One of the workers, a Timaru man, was a union member who resigned his membership as soon as the union expressed concerns to him about his decision to travel to Australia.  Read more »


“GDP up” just the war cry the CTU was waiting for

Just when the economy is going gang busters along come the unions with their bludging, grubby hands out.

The latest figures show gross domestic product (GDP) grew 0.9 percent in the June quarter, taking annual growth to 3.6 percent.

Driven by housing, strong demand for exports and immigration, New Zealand now has the third highest growth rate in the OECD.

However, how much of the increased growth is getting through to workers?

ANZ chief economist Cameron Bagrie says any growth flows into the economy and eventually into wages.

“If we continue to see unemployment track down, wages will start to move up and people will start to get ahead.

“We’re seeing real wage growth at the moment of 1.5 percent, but I’m expecting that to grow to 2.5 percent over the next 24 months.”

However, critics say we’re relying on immigration and on a per person basis New Zealand’s hardly growing at all.

“The biggest disappointment is the fact that it’s driven by population growth rather than by increasing the quality of what we are doing. Our productivity growth is probably going backwards,” says CTU economist Bill Rosenberg.

Read more »

Another nasty SJW attack on My Food Bag

My Food Bag has been attacked on social media before and I wrote about it at the time. Now an ex-political journalist who works for New Zealand’s largest union and describes herself as a “Union spin doctor,” has instigated another nasty attack.


One of the social justice warriors Dave Phillips, who shares Jessica William’s bandwagon has “Union Thug” on his facebook profile. I think this neatly sums up the calibre and motivation of the people involved in this hit on a reputable business. The photo of him includes a badge that reads “Die Scab




Read more »

Scumbag teachers union shamelessly uses kids to push their agenda [UPDATED]

The NZEI is agitating again, using children to push their agenda.

nzei Read more »


Employing people is a cost

And when unions drive that cost up, the company goes belly up.

Hostess, the producers of Twinkies went bust, twice, as a result of heinously bad union arrangements.

The most recent investors who bought it out of bankruptcy did not in fact buy “the company.” They bought just some of the assets. By buying the Hostess assets out of bankruptcy, Apollo and Metropoulos took them on free of employee benefits and other labor obligations that had weighed down the company.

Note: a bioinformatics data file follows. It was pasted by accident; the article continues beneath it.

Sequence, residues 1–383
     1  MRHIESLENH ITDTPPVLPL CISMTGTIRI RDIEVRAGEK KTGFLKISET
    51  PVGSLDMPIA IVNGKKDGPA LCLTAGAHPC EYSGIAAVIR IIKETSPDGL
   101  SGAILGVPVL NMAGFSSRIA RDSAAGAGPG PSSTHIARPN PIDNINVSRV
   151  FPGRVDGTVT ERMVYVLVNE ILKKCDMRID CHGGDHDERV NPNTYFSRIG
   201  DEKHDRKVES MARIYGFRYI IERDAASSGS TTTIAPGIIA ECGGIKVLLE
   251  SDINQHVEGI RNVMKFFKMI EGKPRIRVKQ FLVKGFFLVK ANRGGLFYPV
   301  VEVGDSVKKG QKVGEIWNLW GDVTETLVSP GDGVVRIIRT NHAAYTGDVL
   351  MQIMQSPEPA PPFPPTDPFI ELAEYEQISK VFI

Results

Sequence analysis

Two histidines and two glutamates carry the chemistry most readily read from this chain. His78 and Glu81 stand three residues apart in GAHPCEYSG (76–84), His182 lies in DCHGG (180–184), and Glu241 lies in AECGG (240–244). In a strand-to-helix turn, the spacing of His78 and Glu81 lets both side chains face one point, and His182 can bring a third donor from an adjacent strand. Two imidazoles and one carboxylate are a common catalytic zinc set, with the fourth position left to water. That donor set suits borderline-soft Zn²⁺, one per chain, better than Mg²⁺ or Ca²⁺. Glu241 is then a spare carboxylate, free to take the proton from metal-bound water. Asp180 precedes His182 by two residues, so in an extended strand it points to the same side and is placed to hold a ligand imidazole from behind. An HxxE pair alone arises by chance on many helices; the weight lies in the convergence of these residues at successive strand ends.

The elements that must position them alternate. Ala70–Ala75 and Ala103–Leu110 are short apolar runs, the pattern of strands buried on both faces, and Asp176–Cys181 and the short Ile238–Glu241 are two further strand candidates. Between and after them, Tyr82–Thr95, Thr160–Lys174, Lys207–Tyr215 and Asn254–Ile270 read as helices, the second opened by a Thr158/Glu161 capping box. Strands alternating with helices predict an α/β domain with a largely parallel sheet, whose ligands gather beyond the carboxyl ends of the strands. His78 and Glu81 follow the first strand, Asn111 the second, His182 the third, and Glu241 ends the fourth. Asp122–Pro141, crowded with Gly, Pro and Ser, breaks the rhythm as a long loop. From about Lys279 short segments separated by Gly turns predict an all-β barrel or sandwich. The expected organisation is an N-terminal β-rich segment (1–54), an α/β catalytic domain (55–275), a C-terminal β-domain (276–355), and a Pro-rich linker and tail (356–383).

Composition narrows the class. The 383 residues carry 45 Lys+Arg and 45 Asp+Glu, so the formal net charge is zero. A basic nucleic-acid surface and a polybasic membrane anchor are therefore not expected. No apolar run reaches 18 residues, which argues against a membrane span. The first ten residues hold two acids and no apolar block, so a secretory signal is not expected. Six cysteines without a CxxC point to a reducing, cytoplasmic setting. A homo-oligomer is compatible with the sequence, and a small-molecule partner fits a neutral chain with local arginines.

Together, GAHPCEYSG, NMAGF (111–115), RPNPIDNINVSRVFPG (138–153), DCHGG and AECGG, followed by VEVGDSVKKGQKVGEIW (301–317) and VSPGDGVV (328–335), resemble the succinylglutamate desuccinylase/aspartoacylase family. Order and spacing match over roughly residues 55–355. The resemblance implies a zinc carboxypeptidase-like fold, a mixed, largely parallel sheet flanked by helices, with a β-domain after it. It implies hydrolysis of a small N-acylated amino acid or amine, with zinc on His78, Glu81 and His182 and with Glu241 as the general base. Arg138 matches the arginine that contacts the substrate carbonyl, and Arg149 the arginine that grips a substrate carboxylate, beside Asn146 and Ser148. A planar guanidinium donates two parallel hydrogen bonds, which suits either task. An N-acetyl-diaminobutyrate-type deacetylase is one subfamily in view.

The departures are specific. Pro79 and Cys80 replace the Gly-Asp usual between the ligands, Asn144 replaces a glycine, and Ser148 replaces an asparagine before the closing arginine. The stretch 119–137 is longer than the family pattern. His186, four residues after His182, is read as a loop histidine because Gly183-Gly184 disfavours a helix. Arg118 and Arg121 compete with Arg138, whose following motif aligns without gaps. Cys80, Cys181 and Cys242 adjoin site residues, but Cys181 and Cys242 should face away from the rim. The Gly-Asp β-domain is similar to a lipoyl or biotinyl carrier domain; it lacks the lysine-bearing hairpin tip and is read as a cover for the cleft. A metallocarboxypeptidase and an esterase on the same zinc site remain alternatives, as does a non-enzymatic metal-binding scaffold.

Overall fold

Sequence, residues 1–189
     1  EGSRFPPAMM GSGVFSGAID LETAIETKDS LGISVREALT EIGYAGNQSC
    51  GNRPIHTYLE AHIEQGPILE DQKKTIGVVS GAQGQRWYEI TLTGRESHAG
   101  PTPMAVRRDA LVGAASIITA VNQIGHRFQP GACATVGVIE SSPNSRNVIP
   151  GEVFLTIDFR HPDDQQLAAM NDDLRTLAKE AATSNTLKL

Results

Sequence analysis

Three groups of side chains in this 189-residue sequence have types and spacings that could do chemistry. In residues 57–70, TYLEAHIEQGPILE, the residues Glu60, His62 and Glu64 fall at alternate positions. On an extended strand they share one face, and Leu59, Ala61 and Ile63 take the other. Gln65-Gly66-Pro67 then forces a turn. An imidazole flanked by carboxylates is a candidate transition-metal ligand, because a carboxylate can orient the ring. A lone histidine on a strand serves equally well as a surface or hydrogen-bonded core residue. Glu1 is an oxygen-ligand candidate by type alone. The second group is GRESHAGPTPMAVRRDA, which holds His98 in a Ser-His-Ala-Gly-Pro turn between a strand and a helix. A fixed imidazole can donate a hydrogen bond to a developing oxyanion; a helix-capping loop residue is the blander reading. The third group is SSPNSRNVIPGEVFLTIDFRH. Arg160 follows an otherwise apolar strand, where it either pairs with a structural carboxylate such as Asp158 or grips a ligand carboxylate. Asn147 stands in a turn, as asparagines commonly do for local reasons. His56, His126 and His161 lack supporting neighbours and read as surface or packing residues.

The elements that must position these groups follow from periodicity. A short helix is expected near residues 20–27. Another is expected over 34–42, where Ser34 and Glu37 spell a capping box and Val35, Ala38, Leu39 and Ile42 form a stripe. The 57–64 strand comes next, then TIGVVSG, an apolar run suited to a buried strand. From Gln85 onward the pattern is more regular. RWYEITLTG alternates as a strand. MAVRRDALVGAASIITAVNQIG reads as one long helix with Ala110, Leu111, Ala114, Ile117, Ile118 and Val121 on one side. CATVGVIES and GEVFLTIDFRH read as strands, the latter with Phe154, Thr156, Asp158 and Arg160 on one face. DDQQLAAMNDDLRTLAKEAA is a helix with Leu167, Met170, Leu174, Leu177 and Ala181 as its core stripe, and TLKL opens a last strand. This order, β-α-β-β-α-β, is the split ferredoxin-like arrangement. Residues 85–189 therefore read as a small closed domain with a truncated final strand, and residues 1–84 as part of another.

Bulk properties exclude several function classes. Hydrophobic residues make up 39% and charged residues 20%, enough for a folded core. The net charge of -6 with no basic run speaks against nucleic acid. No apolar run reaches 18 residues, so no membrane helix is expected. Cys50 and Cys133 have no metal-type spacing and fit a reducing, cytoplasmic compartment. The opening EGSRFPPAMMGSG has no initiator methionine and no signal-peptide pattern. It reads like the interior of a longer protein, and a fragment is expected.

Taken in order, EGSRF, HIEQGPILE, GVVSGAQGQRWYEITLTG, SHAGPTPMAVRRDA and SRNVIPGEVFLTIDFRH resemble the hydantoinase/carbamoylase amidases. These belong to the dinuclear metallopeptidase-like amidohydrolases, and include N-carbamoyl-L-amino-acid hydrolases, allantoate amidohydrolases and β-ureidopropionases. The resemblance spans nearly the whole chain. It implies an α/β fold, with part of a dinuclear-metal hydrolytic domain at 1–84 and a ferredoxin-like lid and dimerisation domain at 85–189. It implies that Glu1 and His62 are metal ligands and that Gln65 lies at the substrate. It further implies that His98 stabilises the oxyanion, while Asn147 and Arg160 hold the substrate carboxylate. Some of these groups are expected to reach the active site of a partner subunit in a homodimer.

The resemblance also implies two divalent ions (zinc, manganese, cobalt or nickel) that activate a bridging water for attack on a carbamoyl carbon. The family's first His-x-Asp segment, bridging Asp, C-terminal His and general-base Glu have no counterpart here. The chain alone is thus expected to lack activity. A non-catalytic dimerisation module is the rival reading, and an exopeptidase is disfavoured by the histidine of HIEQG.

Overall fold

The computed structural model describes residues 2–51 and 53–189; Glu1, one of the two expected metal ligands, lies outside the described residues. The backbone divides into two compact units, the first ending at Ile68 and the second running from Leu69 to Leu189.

They went from local bakeries and delivery routes to a much more concentrated production system and delivery into warehouses.

Employing people is a cost. And when that cost rises, fewer people are going to be employed.

In 2012, the end appeared nigh for the humble Twinkie, the yellow sponge cake and American icon: A trend toward healthy eating and a bitter union brawl had forced its baker into bankruptcy.

Now, Hostess Brands is back with a vengeance, with new plans to become a publicly listed company and return to a market that had once left it for dead. The deal, announced Tuesday, would give the maker of Twinkies, CupCakes and Ding Dongs a market value of roughly $2.3 billion

Unions are idiots. Even a parasite knows not to kill its host.  Read more »


Did the unions stitch up Malcolm Turnbull?

Malcolm Turnbull - Getty Images

Malcolm Turnbull – Getty Images

Malcolm Turnbull got a big shock on Saturday night when the election was too close to call. Although the polls had been indicating this, the word from Australia was that the marginal seats were going in favour of the Coalition.

Apparently the unions in Australia aren’t as useless as the unions here. Read more »

Luddite unions are obsolete

by Gavin

via themusicworkshop.com

via themusicworkshop.com

When I left school in the late 70s my first job was in a bank. A the time technology was just starting to affect daily life in the banks. Databank processed the cheques and other transactions. We got line flow printed reports every morning for all accounts and changes in the branch. The old handwritten records still existed. To load new accounts, changes and closures we had to fill out forms that were sent to databank daily, putting a strike through zeros to distinguish them from Os. The golf ball typewriter was modern and typists typed up letters with carbon copies. The first “Bankcard” was introduced around this time as well. Read more »


Has anyone in media questioned Labour’s links with union interests?

The Media party is trying to create the impression of murk by linking the fishing industry with National. All based off of the back of the fact that Peter Goodfellow is a director of Sanfords.

National Party president Peter Goodfellow leaves the National caucus room during any discussion about the fishing industry to avoid any conflict of interest, Prime Minister John Key says.

Mr Goodfellow has significant interests in fishing company Sanfords, which holds about a quarter of the total fishing quota in New Zealand.

Mr Key was asked about National’s closeness to the commercial fishing industry today after a contract to monitor the commercial fleet was awarded to a business whose general partner was owned by fishing companies – one of which is Sanfords.

Speaking to reporters at his weekly press conference, the Prime Minister said Mr Goodfellow was “immensely careful about managing any conflict of interest”.   Read more »